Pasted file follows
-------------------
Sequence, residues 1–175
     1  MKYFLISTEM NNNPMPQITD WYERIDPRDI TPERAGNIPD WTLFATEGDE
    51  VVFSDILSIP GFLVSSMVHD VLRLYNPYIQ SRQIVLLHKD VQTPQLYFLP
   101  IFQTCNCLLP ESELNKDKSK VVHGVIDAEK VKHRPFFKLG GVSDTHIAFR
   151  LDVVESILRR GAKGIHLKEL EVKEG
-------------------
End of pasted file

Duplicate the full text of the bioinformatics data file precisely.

Sequence, residues 1–175
     1  MKYFLISTEM NNNPMPQITD WYERIDPRDI TPERAGNIPD WTLFATEGDE
    51  VVFSDILSIP GFLVSSMVHD VLRLYNPYIQ SRQIVLLHKD VQTPQLYFLP
   101  IFQTCNCLLP ESELNKDKSK VVHGVIDAEK VKHRPFFKLG GVSDTHIAFR
   151  LDVVESILRR GAKGIHLKEL EVKEG